But Macworld reader Jim writes in with what I think is a common scenario for which there’s an extra step that isn’t exactly obvious: when you want effectively to transfer the contents of an older IOS device with a newer replacement, but the newer IOS hardware is already set up and running, just not with your stuff.
Jim teaches pensioners on Apple equipment at the retirement home at which he lives, and he says his comrades often have an older IOS device they use, and have been given a newer hand-medown from their children or grandchildren. They
just want to transfer an icloud backup. Fortunately, it’s straightforward.
First, Make sure you have a fresh back up of the older device, whether that’s through icloud (Settings > account name > icloud > icloud Backup, and tap Back Up Now) or itunes (connect via USB, select device icon, click Back Up Now). With itunes, you can confirm the backup was made by looking in itunes > Preferences > Devices and looking for the device name and the date and time of the last backup.
Next, when that’s complete, turn to the new device. Make sure that if the new device has been used to take pictures, record audio, or make any other unique media files or documents, that those have been copied or synced so they will be available to retrieve after erasing the device. (If you’re using icloud Photo Library, for instance, all photos and videos should be synced to icloud, and will simply sync back after the device is restored from the older IOS hardware.)
If you’re absolutely sure you have copied, synced, or don’t need data stored on the new device, you can now erase it.
• Turn off Find My iphone/ipad before proceeding.
• If you want to erase via itunes and USB, follow Apple’s detailed instructions at fave.co/2nvehxv.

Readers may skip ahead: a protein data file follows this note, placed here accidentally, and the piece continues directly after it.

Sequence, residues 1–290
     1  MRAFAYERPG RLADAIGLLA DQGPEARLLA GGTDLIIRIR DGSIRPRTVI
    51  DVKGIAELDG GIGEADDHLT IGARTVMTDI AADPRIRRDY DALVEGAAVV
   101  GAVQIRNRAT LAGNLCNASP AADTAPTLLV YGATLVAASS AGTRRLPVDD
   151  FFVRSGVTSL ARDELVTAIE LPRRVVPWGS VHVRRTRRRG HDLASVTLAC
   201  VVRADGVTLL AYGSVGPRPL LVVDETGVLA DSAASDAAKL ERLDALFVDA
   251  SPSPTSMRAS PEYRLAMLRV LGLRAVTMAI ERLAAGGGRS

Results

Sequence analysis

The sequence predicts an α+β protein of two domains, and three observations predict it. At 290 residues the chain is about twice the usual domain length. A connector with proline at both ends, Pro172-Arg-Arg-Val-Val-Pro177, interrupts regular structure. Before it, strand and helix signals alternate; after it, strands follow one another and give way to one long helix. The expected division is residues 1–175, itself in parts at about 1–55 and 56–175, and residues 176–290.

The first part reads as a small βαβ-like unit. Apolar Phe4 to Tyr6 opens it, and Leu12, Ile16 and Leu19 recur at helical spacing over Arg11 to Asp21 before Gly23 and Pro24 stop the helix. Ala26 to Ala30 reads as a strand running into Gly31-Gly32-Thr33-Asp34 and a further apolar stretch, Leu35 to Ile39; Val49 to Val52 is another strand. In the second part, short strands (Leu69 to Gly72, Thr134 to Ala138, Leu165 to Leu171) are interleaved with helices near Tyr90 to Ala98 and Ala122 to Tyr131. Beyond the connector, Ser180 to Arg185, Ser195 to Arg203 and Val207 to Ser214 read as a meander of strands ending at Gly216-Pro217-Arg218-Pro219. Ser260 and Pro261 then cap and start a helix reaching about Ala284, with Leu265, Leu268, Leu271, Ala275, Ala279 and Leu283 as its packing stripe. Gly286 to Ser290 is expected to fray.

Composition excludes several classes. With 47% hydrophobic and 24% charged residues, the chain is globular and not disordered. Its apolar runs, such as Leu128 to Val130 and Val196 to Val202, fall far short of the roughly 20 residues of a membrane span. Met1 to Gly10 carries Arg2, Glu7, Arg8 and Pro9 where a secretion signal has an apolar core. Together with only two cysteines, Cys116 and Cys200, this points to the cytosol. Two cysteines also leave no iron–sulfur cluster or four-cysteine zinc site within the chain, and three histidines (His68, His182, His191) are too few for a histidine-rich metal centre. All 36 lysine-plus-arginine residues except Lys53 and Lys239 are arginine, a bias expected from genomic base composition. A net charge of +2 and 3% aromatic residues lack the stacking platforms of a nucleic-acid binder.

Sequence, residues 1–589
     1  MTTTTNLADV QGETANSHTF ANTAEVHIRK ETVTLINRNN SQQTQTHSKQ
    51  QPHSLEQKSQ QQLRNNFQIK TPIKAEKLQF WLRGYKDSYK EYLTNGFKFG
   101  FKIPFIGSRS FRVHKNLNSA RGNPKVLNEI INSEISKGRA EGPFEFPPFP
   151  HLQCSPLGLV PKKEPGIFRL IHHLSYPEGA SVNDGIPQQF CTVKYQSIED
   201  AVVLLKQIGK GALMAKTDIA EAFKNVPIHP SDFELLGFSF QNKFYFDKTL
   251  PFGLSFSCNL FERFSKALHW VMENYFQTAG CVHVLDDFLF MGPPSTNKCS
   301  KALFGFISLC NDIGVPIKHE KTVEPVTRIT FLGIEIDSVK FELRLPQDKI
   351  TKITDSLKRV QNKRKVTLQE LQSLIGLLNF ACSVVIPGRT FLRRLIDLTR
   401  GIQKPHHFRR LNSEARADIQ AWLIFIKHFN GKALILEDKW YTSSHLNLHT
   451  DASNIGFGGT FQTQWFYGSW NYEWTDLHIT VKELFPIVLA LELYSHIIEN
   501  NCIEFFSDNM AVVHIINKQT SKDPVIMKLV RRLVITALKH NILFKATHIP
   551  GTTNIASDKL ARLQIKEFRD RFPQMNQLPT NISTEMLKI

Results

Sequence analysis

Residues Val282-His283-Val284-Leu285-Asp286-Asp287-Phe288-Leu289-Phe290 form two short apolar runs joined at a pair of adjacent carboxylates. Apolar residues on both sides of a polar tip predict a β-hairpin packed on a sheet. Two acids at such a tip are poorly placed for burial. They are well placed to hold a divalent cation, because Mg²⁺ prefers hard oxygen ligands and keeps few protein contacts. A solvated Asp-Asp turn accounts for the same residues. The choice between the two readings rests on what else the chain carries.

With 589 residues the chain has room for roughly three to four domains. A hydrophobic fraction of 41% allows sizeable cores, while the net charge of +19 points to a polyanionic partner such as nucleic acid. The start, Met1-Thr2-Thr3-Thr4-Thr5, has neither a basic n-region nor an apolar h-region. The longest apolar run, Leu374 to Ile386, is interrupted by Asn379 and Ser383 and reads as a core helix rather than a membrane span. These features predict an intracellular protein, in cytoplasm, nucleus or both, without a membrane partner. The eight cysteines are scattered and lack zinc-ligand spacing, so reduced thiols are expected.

• If you would prefer to erase directly via the devices, tap Settings > General > Reset, enter your password or Apple ID password if prompted, and then wait for it to finish.
Now, you can perform a restore from the backup you made of the older device. If it’s an iphone or a cellular ipad, swap the SIM from the old to new device before performing the restore.
• Power up the newer IOS device, and proceed through setup until you’re asking on the Apps & Data screen how you want to set up the device. Choose Restore from itunes Backup.
• Connect the iphone or ipad over USB to the computer on which you performed an itunes backup.
• Click Restore Backup.
> Choose the backup you just made.
• Follow the remaining prompts until the restore
With an icloud backup
• Power up the newer IOS device, and proceed through setup until you’re asking on the Apps & Data screen how you want to set up the device. Choose Restore from icloud Backup.
• Sign into the same icloud account you used to perform the backup above.
• Choose the backup you made from the list that appears.
• Follow the remaining prompts until the restore is complete.
The Manage Website Data list shows which Web sites have asked your browser to cache data for them